Monday 20 February 2017


"There was also a shark floating around outside in the lobby, and I walked over to the window and looked out at the shark, and the shark swam in the air down the lobby hallway on the opposite side of the glass, and the frame of the window hid the shark as it would if a real person walked down the lobby hallway. I shot scorpions coming out of a hole in the wall, It genuinely feels like it's really there and happening. As you walk around the room everything adjusts to your position, point, location."

These are some of the ways I have been trying to describe hololens to my friends. "How was it?" they ask. And I begin trying to describe to them this experience which isn't really like anything else. It's a bit difficult. Both explaining is difficult and capturing worthy video footage is difficult. It is only really beneficial if you wear hololens headsets; then it might make more sense.

As can be seen in this video, placing a camera to view the lens doesn't really capture the immersion that you feel when wearing the headset. People who don't really understand, will simply dismiss hololens based on this type of footage

I have been in London for a couple of months now, everything is starting to settle. My multiple jobs are going fine, my life is under control, and I have started to realise that London is a good place, somewhat like a library of events that you can google search for anything you wish to do at any given time and in likelihood there will be an event to fit whatever it is you are hoping for. In my case, last week I found myself with some free time and I thought about filling it. Instead of searching for what is happening (What'sOn, Time Out etc), I soul searched a little bit and thought about what I would really like to do? Space flight? Fight tigers in a cage? hmmm. What has my technology experiences been missing? I know! let's google search "Hololens" + "London" and sure enough I was excited to find that there is indeed a company who specialise in delivering hololens seminars and demos right here. So I jumped on the bus, wondered briefly, if I am about to sign up for something akin to a Black Mirror episode, and headed to London's Banking district.
(On my way to the privately owned enclave called: City of London)

It's interesting, the City of London. Most of us these days see it not only as the land of the rich and plenty, but also it is more and more becoming realised as a privately owned piece of land within London itself, with it's own emblem, and even with it's own private police force. It gets weird. Mostly because the City of London doesn't answer people's questions as to how they pulled this whole thing off.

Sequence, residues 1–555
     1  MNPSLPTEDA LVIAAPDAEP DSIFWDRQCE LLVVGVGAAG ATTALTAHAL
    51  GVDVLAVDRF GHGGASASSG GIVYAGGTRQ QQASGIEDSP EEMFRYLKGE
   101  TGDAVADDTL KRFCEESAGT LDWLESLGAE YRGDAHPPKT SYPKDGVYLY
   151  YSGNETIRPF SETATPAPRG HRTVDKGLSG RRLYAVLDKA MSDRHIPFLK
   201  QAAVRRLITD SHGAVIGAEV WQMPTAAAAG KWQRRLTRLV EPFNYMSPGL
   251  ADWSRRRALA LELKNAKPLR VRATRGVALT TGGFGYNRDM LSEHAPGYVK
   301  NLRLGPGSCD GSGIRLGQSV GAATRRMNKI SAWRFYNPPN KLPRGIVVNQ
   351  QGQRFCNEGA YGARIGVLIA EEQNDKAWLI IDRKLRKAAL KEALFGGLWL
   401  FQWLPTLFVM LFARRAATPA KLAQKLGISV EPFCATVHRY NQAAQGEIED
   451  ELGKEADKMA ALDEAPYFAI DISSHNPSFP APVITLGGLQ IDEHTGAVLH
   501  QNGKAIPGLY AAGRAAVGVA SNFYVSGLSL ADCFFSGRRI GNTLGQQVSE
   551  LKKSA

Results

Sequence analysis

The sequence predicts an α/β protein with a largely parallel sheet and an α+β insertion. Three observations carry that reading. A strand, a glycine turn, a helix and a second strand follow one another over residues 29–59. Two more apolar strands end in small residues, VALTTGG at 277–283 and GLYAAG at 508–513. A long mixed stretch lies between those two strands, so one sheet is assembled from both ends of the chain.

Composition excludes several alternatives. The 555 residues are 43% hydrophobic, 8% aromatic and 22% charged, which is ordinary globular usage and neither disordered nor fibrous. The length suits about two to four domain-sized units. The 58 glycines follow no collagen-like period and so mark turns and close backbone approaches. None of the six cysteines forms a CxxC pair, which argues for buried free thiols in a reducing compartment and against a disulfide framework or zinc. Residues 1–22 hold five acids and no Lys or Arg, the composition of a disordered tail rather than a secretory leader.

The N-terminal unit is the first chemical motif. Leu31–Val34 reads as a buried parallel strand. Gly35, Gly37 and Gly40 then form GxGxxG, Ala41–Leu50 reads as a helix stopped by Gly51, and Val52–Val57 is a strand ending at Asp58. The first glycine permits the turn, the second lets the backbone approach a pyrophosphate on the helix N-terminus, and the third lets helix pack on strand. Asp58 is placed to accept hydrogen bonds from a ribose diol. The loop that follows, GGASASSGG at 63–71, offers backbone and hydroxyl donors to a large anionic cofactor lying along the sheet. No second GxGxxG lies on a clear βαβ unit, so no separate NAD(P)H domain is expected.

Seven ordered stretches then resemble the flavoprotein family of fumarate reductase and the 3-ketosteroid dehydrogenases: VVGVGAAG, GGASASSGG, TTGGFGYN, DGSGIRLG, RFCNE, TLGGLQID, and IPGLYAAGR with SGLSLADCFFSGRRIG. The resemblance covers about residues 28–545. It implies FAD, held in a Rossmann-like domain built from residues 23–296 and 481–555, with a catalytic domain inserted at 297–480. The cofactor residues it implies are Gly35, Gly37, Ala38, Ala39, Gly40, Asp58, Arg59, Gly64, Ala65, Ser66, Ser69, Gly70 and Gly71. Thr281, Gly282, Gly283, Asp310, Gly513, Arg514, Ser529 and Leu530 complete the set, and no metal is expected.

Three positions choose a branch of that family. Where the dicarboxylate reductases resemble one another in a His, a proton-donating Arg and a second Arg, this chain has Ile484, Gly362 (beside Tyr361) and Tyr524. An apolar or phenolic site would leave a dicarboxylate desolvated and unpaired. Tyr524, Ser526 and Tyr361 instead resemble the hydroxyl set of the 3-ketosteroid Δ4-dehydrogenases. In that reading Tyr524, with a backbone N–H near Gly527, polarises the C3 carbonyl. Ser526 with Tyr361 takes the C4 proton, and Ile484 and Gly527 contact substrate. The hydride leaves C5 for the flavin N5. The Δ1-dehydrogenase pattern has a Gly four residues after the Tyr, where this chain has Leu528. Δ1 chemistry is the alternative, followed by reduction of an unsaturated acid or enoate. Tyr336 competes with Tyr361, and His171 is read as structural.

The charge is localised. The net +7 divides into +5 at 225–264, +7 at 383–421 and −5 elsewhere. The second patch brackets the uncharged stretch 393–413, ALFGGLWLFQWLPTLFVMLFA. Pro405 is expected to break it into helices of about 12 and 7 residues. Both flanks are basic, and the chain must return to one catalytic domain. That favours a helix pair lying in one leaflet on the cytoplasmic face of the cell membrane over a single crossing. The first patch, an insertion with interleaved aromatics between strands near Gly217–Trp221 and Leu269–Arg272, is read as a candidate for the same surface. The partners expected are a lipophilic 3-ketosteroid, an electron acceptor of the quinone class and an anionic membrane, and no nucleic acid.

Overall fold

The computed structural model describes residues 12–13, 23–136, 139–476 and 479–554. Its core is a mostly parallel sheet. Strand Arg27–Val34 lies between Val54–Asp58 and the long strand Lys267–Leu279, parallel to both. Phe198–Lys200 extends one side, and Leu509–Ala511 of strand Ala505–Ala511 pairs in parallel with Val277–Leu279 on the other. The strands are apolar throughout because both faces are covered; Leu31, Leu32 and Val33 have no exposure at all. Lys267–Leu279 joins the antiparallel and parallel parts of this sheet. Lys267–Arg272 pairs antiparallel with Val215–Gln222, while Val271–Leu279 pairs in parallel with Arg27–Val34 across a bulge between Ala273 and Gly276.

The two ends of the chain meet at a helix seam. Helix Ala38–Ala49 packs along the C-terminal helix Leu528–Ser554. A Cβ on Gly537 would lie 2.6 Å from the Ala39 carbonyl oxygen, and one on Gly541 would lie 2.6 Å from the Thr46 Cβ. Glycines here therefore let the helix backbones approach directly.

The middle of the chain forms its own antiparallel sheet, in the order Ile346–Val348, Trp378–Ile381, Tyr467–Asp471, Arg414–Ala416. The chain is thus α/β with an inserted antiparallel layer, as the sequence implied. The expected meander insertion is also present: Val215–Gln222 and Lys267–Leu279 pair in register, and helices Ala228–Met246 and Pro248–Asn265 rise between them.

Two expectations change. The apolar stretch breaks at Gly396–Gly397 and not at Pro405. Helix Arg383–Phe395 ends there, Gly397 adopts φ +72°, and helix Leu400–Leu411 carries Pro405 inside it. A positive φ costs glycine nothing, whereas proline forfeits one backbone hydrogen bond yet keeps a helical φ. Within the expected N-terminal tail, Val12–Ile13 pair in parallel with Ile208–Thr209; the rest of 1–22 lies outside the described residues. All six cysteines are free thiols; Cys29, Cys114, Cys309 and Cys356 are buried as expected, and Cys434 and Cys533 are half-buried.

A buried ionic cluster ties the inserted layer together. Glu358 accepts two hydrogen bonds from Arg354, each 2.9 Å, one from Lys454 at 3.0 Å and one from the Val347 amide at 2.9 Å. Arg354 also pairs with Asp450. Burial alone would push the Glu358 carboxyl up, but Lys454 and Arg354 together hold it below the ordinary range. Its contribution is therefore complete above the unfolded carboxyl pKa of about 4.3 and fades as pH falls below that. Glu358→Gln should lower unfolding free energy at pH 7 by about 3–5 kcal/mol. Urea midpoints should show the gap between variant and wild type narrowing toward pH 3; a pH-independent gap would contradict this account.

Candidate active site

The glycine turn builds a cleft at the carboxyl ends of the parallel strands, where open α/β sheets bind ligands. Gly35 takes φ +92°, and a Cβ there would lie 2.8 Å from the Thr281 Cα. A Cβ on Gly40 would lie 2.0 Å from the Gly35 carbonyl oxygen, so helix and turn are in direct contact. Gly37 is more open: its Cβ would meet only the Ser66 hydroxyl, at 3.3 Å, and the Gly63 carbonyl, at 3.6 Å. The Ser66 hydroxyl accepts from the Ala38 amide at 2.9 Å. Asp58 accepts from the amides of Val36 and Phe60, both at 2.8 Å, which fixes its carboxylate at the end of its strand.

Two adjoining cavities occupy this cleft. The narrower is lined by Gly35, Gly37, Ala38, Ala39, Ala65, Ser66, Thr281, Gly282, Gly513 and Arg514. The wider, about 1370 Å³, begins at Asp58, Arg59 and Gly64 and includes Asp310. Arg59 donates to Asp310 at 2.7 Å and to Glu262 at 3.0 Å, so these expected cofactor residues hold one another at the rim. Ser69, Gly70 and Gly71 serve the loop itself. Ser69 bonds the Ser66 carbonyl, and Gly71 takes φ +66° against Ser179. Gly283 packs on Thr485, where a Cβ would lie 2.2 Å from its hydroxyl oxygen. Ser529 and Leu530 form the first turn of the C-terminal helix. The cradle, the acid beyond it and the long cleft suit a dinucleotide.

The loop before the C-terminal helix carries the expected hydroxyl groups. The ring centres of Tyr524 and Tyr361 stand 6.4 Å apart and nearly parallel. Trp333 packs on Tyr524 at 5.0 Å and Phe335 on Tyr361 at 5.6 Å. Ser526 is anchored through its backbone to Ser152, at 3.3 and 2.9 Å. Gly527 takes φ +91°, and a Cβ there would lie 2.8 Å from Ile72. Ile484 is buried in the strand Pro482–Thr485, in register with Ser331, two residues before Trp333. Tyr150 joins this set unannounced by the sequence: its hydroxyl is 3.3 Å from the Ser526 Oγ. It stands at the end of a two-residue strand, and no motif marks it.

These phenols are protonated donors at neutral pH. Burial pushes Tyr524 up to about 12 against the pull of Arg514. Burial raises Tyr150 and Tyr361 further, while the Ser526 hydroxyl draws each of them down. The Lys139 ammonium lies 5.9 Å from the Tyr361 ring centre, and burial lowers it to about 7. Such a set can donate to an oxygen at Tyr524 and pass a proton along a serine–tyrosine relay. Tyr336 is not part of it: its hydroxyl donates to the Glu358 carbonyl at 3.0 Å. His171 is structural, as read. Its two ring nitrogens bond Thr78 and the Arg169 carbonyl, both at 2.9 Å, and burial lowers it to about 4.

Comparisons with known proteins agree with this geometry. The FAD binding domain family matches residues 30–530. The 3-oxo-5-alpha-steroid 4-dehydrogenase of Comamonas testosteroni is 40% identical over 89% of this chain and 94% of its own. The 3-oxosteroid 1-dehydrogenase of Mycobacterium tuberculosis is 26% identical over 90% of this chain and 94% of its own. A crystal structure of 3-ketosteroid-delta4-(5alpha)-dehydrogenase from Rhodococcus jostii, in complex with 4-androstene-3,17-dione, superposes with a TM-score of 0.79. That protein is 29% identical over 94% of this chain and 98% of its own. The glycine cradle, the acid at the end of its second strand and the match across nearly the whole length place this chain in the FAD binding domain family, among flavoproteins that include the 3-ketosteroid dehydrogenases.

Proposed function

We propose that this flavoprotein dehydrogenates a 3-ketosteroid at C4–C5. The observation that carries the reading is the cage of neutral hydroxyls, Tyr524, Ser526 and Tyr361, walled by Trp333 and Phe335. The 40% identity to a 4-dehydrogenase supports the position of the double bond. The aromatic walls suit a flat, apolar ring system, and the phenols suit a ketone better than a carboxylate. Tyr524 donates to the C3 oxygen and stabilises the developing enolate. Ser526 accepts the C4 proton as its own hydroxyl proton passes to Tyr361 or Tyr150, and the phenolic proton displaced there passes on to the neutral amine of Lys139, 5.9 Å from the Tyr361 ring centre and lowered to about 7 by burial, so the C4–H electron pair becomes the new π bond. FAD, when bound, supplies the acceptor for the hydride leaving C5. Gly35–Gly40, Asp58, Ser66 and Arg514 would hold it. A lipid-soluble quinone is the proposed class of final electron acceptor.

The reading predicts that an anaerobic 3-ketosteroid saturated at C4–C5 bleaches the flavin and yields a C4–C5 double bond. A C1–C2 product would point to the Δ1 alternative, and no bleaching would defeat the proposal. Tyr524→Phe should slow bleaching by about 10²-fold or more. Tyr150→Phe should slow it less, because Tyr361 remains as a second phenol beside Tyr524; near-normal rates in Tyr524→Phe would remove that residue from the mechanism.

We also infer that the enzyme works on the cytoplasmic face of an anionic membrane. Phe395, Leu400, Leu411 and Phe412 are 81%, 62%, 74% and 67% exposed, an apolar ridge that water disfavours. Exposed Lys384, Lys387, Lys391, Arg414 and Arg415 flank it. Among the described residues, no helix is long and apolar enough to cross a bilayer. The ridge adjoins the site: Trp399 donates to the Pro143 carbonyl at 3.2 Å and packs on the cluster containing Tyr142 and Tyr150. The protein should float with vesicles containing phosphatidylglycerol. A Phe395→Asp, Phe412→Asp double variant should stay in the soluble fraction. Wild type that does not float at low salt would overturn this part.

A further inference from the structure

But anyway back to Hololens. following a little bit of phone navigation, I arrive at the entrance to a really nice hotdesking office in Devonshire square, greeted by two very knowledgeable guys from a company called Kazendi; James and Max. On first appearance they seem very like every other very happy, enthusiastic and knowledgeable technologists out there, still with plenty of fire, a bit too immersed and jaded by the technology they have been swimming deeply in for the past number of years. Often gets deep does technology development. My first reaction is that they need to go on holiday.


Hololens is known as a mixed reality headset that combines 3d graphics into what we see through the headset and our real world. It's a bit like how some people describe some psychedelic experiences. Things appearing on walls, miniature sharks swimming down hallways, weight lifters bench pressing on our conference tables. And indeed it is true. After experiencing a demo of hololens you find yourself questioning existence and reality deeply for a while. Out in the street, I find myself asking "Is that pigeon in front of me real? or a graphic? How can I tell? If I can't catch it?" This is a possibility for our futures. It all gets a little bit 'Plato's Cave'. I wonder if anyone has lost their minds using hololens. The more real the games become, will the brain also have difficulty letting go once the headset is put down?

Here are some examples of hololens, which although impressive, doesn't give you the true immersive feeling that you experience when actually wearing the headset

There are a couple more nice video examples here and here too.

There are of course a number of reasons why I wanted to learn more about hololens. It's generally a bit vague as to what it is, and also what is under the hood. It's not that clear at first glance. You have to dig to find out. Of course I wanted to actually experience hololens, just like riding a theme park ride, that's nice and easy. But learning more about the hardware technology is more rewarding for me, and also learning about development. Where it is going and how it is done.

The technology

Hololens it seems, is (in my eyes) a custom FPGA chip system. Microsoft is calling it a HPU. It's a Microsoft product so they can of course call it what they like. They can make it exclusive to microsoft windows if they like, and they can make apps only available through their app store if they like. That's a closed environment. And that is freedom to choose. But anyway, the FPGA/HPU thing is important. While developing drone hardware I learned some things about the value of FPGA chips over x86 or ARM chips. FPGA chips are able to handle multiple hardware peripherals much faster (think multiple web cameras, 3D Depth cameras, Gyroscopes, LIDAR, SONAR, all these things all at once can quickly make smoke blow out of a good old x86 processor. FPGA's are seen as the solution. I see them being used more and more on DJI drones such as the Matrice and it's camera sensing unit. Self-driving vehicles are using them too. DJI seem to be using Altera Cyclone V chips, Microsoft hololens seems to be using custom/disguised Tensilica FPGA, but I can't be entirely certain on that one, just based on observation.